By reusing shots Oedekerk is able to stretch the conversation between Master Betty and Master Tang as much as the script asks, always reusing same three shots. That is telling of how the slight change (here, different words they speak) makes repetition unnoticeable. In other instance, where he reuses a shot of Master Tang three times, Oedekerk chooses a peculiar shot where Master swings his hand through the air, so it’s hard not to notice repetition. Here, Oedekerk breaks illusion, in order to show that there is illusion, but mostly to get a laugh or two out of people when they spot it.

Another character consistently added through blue rook technology is Master Betty’s minion who plays rap music on his recorder every time Betty engages in a fight, because it seems like music helps Betty to win. It is rather surprising how much, on the first use of this gag, corny old MC Hammer’s “Can’t touch this” exactly matches the tempo of the fight that ensues. This gag runs a few times more, until Oedekerk decides to pull a trick on his own player: in one instance, he dubs the rap song over with some mellow power-pop ballade. Unaware of this, the actor dances as he would to a rhythmic rap song. The results... heh.

Even though perhaps anyone will find a laugh or two in this mixed bag of jokes, this film is recommendable only to fans of, well, stupid humor. There is one point where stupidity exceeds and becomes simply so irrational that it’s a matter for laughing. Therefore, some people laugh to stupid jokes – not to bad jokes, or to failed jokes, but to those really stupid ones. Well, I am one of those people and that’s the reason why good part of this film was a laugh for me. In it, Wimp Lo will have lines like: “Knock knock! Who’s there? Your butt that is about to be kicked!”, while the chosen one contemplates the fighting strategies: “I could always pretend that I was a bird. But that would just look stupid and leave my small sensitive balls exposed!” But that’s all topped by The Chosen One’s inspired monologue: “Killing is bad! And Wrong! There should be a new, stronger word for killing, like “badwrong”... Or “badong”! Yes! Killing is badong! From this day on, I will stand to the oposite of killing: Gnodab!” If you laugh at this, I guess there’s a good reason for seeing “Kung Pow”. If only for better scenes and for cheerful ripping apart of cinematic rules.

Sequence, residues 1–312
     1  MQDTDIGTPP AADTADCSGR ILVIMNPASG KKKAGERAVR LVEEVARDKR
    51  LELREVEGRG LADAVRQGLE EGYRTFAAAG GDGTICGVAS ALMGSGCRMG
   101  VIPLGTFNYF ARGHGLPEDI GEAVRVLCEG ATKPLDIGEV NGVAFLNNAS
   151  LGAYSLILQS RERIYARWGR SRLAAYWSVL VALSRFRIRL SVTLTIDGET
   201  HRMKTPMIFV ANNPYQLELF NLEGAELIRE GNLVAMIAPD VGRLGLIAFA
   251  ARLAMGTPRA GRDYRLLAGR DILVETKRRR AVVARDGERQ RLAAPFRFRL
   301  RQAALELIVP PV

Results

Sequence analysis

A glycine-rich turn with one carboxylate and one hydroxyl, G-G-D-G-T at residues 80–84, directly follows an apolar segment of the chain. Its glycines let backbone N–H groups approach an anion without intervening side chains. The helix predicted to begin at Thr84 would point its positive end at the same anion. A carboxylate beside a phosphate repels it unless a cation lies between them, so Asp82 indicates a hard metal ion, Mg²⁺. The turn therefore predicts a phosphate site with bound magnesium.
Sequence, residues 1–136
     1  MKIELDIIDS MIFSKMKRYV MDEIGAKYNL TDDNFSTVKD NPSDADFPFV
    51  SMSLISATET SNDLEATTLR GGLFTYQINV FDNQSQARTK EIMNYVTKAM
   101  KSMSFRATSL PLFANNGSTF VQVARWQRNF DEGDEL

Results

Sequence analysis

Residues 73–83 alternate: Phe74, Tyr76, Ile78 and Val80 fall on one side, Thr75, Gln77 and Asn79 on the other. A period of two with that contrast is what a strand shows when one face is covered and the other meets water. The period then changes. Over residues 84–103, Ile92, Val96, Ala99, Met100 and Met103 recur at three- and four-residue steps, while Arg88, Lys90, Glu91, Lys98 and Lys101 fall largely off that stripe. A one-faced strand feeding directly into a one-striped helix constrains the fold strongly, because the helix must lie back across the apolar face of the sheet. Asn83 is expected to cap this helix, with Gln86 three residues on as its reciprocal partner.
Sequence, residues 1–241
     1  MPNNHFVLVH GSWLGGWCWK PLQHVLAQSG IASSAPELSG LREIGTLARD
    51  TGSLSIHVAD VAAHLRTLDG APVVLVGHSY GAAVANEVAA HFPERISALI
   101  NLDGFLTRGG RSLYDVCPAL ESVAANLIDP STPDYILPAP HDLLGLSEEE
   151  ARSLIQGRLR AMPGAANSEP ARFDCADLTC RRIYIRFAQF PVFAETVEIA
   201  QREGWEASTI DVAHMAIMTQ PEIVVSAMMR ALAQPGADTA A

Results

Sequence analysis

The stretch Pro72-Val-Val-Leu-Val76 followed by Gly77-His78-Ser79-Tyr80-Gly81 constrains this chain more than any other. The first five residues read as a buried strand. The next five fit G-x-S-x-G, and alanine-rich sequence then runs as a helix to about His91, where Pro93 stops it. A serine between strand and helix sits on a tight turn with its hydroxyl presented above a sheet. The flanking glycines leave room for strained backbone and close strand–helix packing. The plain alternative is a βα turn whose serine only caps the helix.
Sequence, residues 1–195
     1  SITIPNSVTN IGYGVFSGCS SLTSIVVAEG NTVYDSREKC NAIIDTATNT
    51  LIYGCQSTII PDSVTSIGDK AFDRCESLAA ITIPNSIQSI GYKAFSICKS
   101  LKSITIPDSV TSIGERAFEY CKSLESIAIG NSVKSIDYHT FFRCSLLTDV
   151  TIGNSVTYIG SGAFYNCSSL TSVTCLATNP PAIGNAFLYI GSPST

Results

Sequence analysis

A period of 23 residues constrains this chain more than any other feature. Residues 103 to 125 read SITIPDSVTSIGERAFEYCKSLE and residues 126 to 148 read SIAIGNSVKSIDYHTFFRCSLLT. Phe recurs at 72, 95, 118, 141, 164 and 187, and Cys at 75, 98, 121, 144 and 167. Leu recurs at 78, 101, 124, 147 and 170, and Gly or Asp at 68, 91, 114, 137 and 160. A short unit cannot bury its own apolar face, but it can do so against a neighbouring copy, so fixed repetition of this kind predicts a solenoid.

Oedekerk is (the press kit says) preparing the sequel by intensively watching old Hong Kong films and considering their usability in sequel. Meanwhile, I was miffed by the description of extras that can be found on DVD: some scenes added there are, by description, much funnier than some that actually got in the film – and there are a few musical numbers sung by characters cut out of the film too. Too bad I won’t get a chance to get that DVD, it’s got me interested.

Wednesday, October 05, 2005

Film: Johnny English :(

As far as my counting goes, "Johnny English" is row Atkinson’s second attempt in major lead role. before that, he was seen in numerous small roles ("Hot shots II"), cameos ("Four weddings and a funeral") and one larger role in failed "Rat race". He is, of course, popular TV comedian and, strangely, his work I liked the best was in low-key police sitcom "Thin blue line". Whatever he does, that's the only place where he was not overdoing it.

As he said himself, all his life he worked with two roles: one of clueless, clumsy, dumb faced clown such is Mr. Bean, the other of sarcastic, cruel schemer; this one was exercised in "black adder", among other places.

Atkinson's first main role in feature was "bean", basically a compilation of Mr. Bean’s antics, fitted together with a story as an excuse. That's why "Johnny English" seemed interesting, first time Atkinson was acting out of these two roles. Here, the role is a certain mix, possessing bean's incompetence as an excuse for physical humor, and black adder's arrogance and stubbornness.

"Johnny English" is a mild secret agent spoof - well, more straight comedy than a spoof. It would be funny, was there more than one joke: English embarrasses himself due to his utter incompetence and unreasonable self-confidence; then he tries to find a way to rationalize his mistake trying to preserve his dignity, thus from potentially loveable goof, becoming an aggressor. The novelty is that his messes are on a much larger scale Because he's a secret agent in serve of his majesty. But the formula wears off after it's shown three times (if that much) so we start seeing jokes from far. When English spots a man with obscene graffiti on his butt disguising as archbishop of Canterbury, we know that we'll have pleasure to see his later pulling pants off from real archbishop and our reaction is something like: let's get this over with. It is, I think, too big of an embarrassment to be funny; at that moment, we don't want to see that. Nor does the bad guy, he honestly warns English: "Don't go there", it is too much even for him, even he's not that cruel. Authors of film, however, are. It also illustrates how painful setups for jokes are.